According to the Arizona Department of Health Services, nearly 2,000 possible opioid overdoses were reported in the state between June 15 and Aug. 17, with 13 percent of these possible overdoses being fatal.
In June, Gov. Doug Ducey declared opioid abuse a statewide public health emergency and increased AZDHS’ capability to track opioid-related incidents. For the first time in the state’s history, data is gathered and presented to the public in real time.
In 2016, 790 Arizonans died from opioid overdoses, an average of more than two people per day. From 2013 to 2016, opioid-related deaths increased 74 percent.
As a recent incident showed, rural communities such as the Verde Valley are not shielded from the effects of opioid abuse: On the evening of Aug. 20, Cottonwood Police Department responded to the 600 block of Main Street for a head-on collision. The investigation revealed that 34-year-old Cottonwood resident Eric Everett Dale Johnson had crossed lanes of traffic and collided head-on with another vehicle.
“Johnson was suspected of opioid overdose due to pinpoint pupils, no pulse and he was turning blue,” Sgt. Monica Kuhlt said, adding that emergency medical personnel treated and revived him.
After being treated at Northern Arizona Healthcare Verde Valley Medical Center, Johnson was arrested and booked into jail on felony charges including aggravated assault, aggravated DUI and criminal damage. Johnson had a passenger in the car with him, whose condition is unknown.
According to CPD, the man was flown to NAH Flagstaff Medical Center for a “higher level” of care. The driver of the vehicle Johnson struck reported injuries due to the airbag deploying.
“This head-on collision is another example of the growing opioid epidemic in our state,” Kuhlt said.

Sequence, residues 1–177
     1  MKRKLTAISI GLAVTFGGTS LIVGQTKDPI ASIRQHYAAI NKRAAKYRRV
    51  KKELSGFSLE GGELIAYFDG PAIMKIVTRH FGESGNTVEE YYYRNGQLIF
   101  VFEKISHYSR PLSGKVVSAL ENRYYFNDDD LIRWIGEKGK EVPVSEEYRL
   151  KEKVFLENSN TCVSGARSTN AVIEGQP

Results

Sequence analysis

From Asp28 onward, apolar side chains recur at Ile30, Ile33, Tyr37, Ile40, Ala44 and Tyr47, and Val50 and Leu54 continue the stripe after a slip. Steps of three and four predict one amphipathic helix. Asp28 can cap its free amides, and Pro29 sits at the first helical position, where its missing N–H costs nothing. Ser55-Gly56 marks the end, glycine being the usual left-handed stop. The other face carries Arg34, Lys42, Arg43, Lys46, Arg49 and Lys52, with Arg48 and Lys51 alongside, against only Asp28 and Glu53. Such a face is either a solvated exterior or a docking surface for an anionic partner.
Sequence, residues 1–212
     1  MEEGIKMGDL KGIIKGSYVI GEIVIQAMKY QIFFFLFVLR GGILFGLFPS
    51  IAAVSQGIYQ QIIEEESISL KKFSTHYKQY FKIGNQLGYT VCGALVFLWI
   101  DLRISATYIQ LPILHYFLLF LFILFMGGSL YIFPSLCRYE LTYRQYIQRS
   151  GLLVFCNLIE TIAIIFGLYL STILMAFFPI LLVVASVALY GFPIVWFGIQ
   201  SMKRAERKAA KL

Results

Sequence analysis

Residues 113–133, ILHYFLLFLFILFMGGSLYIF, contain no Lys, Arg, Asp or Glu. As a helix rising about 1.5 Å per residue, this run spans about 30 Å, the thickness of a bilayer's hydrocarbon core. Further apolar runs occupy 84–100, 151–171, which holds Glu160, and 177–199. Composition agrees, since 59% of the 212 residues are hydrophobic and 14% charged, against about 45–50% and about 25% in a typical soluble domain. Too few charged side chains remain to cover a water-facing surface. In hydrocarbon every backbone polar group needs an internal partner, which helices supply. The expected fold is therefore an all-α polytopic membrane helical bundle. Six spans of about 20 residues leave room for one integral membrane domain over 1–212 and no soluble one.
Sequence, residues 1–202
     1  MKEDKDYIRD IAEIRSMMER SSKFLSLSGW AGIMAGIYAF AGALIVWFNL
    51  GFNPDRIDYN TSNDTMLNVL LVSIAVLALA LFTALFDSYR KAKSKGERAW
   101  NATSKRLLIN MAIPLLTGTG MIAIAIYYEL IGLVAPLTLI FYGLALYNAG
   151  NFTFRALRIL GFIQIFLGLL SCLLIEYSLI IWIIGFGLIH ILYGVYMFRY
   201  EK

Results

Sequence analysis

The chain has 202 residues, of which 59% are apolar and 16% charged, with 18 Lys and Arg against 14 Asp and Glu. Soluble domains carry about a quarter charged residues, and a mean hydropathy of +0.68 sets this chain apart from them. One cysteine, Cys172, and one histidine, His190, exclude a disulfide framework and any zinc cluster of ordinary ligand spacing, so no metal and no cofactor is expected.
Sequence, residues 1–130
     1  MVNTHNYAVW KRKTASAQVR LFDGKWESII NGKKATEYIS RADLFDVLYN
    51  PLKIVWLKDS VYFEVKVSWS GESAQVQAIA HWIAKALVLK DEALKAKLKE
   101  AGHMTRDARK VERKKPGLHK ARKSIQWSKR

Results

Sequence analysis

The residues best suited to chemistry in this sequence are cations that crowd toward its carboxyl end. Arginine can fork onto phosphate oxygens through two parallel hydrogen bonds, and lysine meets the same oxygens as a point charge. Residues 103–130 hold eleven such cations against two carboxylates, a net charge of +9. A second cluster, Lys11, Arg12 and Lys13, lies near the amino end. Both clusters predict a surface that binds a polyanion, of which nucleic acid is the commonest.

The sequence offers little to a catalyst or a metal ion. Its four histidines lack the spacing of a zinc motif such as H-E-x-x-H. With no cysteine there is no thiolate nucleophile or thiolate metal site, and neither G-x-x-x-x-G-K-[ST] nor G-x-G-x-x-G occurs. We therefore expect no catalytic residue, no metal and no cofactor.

“[This is] another sobering reminder that drug addictions hurt others, and our community is not immune to the insanity,” CPD Chief Steve Gesell said. “Drug trends tend to be cyclical, but the causal factors can morph.
“Aside from our traditional role as law enforcement, representatives of many of our police agencies in Yavapai County are also engaged in collaborative endeavors to enhance prevention and intervention efforts. Most of these come in the form of MATForce subcommittees such as the Overdose Death Review Committee and Verde Valley Steering Committee.”
Responding to opioid overdoses requires quick intervention. Accordingly, many first responder organizations, such as Verde Valley Fire District, outfit responders with kits that include naloxone [also known by its brandname Narcan], an opioid antagonist useful treating acute opioid overdose.
Administered rapidly after the onset of an overdose, the drug has been shown to reduce the rate of death due to overdose. Between June 15 and Aug. 17, 1,339 naloxone doses were “administered outside of the hospital by emergency medical services, law enforcement and others,” according to AZDHS. Another 1,533 naloxone kits were distributed to the public by pharmacies.
According to Camp Verde Marshal’s Office chief administrative assistant Darby Martin, CVMO recently purchased a Narcan kit for every deputy, each of whom received training for its use. Each deputy now carries a kit with him.
“I do believe [opioid abuse] is just as prevalent here as anywhere else,” Martin said. “Obtaining it is just as easy here as down in the Phoenix area. If we didn’t think that was the case, we wouldn’t have gone as quickly to get the Narcan kits. It’s definitely an issue here in our area.”
Since Ducey’s opioid abuse reporting directive in June, CVMO has reported two possible overdoses, according to Martin.